Troubled Times: Provo, Utah 1855-1856
by D. Robert Carter
Provo City, 2015. 252 pgs. Nonfiction
This well-research and nicely written history of early Provo is the third volume of the author’s detailed history of Provo. The first was Founding Fort Utah, followed by From Fort to Village. Troubled Times chronicles the difficulties the early settlers encountered during the mid-1850s, including troubles with the Indians, grasshoppers destroying crops, and the ill-effects of the drought. Hunger and starvation threatened the lives of many pioneers along the Wasatch Front after crops failed. Herds of cattle died. One upbeat episode in all of this is the discovery of a miraculous, short-lived source of sugar that led to the creation of confections for several weeks in the summer of 1855. (What was this mysterious substance?).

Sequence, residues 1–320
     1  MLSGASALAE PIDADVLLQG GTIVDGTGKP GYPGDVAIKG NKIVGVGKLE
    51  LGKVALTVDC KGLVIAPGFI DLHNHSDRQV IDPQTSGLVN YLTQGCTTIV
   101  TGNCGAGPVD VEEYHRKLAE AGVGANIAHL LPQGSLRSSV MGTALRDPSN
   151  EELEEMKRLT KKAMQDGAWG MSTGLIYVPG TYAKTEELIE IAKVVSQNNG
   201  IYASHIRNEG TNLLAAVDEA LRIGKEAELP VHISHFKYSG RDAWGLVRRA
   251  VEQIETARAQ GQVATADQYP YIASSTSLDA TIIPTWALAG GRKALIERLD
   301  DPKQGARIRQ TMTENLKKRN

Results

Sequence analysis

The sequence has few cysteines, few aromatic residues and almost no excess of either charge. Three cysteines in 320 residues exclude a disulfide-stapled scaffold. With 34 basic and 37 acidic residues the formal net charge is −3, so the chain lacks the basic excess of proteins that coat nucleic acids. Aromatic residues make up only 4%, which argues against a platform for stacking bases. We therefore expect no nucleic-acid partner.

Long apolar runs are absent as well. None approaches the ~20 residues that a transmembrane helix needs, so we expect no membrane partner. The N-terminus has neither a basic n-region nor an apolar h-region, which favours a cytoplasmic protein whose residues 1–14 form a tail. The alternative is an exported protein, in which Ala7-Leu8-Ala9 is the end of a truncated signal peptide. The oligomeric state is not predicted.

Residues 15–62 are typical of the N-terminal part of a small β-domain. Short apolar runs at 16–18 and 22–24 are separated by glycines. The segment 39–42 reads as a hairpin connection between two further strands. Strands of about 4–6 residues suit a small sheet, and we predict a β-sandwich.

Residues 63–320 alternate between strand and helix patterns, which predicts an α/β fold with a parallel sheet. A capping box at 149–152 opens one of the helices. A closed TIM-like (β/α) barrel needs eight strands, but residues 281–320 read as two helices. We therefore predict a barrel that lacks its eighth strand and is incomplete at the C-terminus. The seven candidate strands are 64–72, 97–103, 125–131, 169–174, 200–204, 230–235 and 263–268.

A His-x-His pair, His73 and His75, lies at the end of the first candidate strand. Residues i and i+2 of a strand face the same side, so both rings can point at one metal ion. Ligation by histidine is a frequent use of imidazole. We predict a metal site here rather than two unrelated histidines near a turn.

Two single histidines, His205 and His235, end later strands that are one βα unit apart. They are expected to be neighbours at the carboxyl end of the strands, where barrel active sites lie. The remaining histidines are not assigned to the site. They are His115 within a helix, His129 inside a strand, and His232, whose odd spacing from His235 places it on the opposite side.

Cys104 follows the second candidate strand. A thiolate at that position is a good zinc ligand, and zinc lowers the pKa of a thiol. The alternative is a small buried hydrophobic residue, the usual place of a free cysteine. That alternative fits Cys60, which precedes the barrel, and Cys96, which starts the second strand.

It seems that Provo residents were not well thought of by their Mormon leaders in Salt Lake City. They were constantly admonished to build their city more: construct the first tabernacle (took them 17 years), build a wall around the city (to protect from Indians), improve the roads, build fences to keep the cattle under control, and construct outhouses (it was a problem). Carter explains how the Mormon reformation came to Provo and tells of the role that Provo played in the rescue of the Willie & Martin handcart companies, stranded and starving out in the Wyoming wilderness.
This history is meticulously researched and well documented in numerous footnotes to each chapter. Illustrated with 90 photos and drawings and featuring a useful index, this volume will stand with Carter’s others as a fine resource for Provo history for many years to come.